Allegion U.S., a provider of security products and solutions, revealed the results of a health care survey that provides insight into trends and challenges of today’s hospitals. This survey, “2022 Health Care Trends Report: A Study on How Health Care Facilities Are Using Technology to Meet the Demands of the Changing Landscape,” includes input from 100 decision-makers across leading U.S. health systems including Ascension Health, HCA Healthcare, John Hopkins Medicine and Kaiser Permanente.
Beyond PPE and touchless access control, the study unveiled how COVID-19 accelerated the adoption of new security and safety measures aimed at protecting people and physical assets. Many strategic initiatives around door hardware and access control have been adopted since, with more being planned for the coming months.
In 2016, Allegion conducted a similar study, providing a benchmark for recent developments around electronic access control adoption, which were on the rise before 2020. Over the last five years, electronic usage has evolved, and there are more accommodations for patients with disabilities and behavioral health conditions.
“Health care has long been a dynamic market as result of continuous advancements and new technologies on the medical front,” says Connie Alexander, senior manager for primary research and insights. “Our research reveals that we are now witnessing unprecedented evolution in other aspects of health care environments, particularly relative to the safety and security of patients, property, and staff.”
The key trends and challenges examined in the report are outlined below:
- Pandemic Impact—The last two years devasted the health care industry in many ways and profoundly altered how health care facilities operate.
- 88 percent of health care professionals cited at least one way that COVID-19 impacted their organization’s infrastructure needs and plans
- 73 percent added extra layers of security to limit the spread of infection while protecting people and property
- 59 percent added touchless technology at openings and 62 percent electrified openings with access control
- Surface Transmission Strategies—While infection control has always been a top health care priority, COVID-19 forced facilities to adopt new solutions.
- 89 percent are using antimicrobial products in their facilities today, up a significant 170 percent from 2016
- 61 percent are using hands-free or touchless access products more than before
- 93 percent are using touchless or hands-free products throughout the building—from patient areas like individual rooms and the ICU to common spaces like restrooms and reception areas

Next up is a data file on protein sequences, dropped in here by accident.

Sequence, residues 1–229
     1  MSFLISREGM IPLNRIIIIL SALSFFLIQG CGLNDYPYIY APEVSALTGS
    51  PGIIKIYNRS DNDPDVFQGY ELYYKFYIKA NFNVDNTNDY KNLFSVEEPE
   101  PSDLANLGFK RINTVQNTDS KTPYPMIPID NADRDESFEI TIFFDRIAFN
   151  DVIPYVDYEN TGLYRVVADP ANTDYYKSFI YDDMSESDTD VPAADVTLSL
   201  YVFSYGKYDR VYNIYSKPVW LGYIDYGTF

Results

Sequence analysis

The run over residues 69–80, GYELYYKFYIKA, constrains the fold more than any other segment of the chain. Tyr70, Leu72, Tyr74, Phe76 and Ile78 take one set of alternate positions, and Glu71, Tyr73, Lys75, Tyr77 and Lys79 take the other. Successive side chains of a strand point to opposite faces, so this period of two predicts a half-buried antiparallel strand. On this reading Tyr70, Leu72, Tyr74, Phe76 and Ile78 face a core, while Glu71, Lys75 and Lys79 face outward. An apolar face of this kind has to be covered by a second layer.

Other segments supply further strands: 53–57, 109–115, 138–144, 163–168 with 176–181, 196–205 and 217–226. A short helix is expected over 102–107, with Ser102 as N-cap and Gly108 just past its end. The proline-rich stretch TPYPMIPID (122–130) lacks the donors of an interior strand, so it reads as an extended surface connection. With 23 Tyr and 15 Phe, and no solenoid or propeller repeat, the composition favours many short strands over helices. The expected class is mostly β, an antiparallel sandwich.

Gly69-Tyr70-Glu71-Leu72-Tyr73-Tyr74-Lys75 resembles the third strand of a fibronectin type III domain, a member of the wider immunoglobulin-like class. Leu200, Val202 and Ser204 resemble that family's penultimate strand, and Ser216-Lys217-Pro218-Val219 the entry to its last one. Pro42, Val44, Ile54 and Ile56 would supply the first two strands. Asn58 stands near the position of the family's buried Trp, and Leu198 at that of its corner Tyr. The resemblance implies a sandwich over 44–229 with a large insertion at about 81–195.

- Strategic Initiatives & Planning—Looking ahead, health care industry leaders expect to see security-related initiatives grow in the next 12 months.
- 55 percent of hospitals standardized purchasing of door hardware and access control products, up 13 percent from five years ago
- 40 percent plan to expand their security plans in the next year, including projects related to key control, credentialing and ligature resistance
- Electronic Access Control Adoption—Adoption escalated throughout the health care market over the last five years, especially among larger facilities located in urban and suburban markets. Common areas with electronic door hardware in place include surgical suites, nurseries, behavioral health units and equipment rooms.
- 92 percent are using electronic access control to some extent, 13 percent higher than in 2016
- Of those using connected systems in their facilities, 82 percent are using hardwired electronic access control products, and 71 percent are using wireless technologies
- Health care professionals cite cost (34 percent) and lack of budgets (28 percent) as primary barriers to widespread electronic access control adoption
- Patient Accommodations—Facilities have become more accommodating for patients of all abilities and needs. The pandemic and an increased focus on mental health are cited as key drivers for these shifts.
- Over 80 percent of hospitals updated doors to meet ADA compliance over the last year
- Changing door knobs to levers (45 percent) and adding automatic door operators (44 percent) were the most common changes made in areas like patient rooms, common areas and restrooms
- 57 percent are experiencing an increase in patients requiring rooms with ligature resistant hardware—which is specifically designed to reduce the risk of strangulation—up 7 percent from five years ago
- Prioritizing Staff Satisfaction—Hospitals and other facilities appear to be valuing their employees and prioritizing staff satisfaction, which may be attributed to the impact COVID-19 had on this workforce.
- When asked how their organization measures effectiveness of hands-free and touchless products, the top response was improvement of staff satisfaction (66 percent)
- At 60 percent, staff satisfaction was in the top three answers when asked a similar question about measuring the effectiveness of antimicrobials
- Staff satisfaction was ranked number one for how respondents measure the effectiveness of quiet door hardware
Allegion works with health care facilities to provide flexible security and access control offerings that meet the demands of today’s patients and staff. For more information, please visit allegion.com/hospital-trends. For further insight on key findings, register for Allegion’s upcoming Security in 30 webinar, Healthcare Insights in a Rapidly Evolving Landscape, on April 15 at 12:30 p.m.
Data Source: Allegion. Survey of 100 key decision makers in U.S. hospitals (including C-suite, purchasing and procurement, facilities and operations, clinical and services lines, and safety and security); 30-minute blind survey; to qualify, decision makers had to have worked with, purchased or recommended one or more types of door hardware, access control or both in the past 12 months; conducted August through September 2021.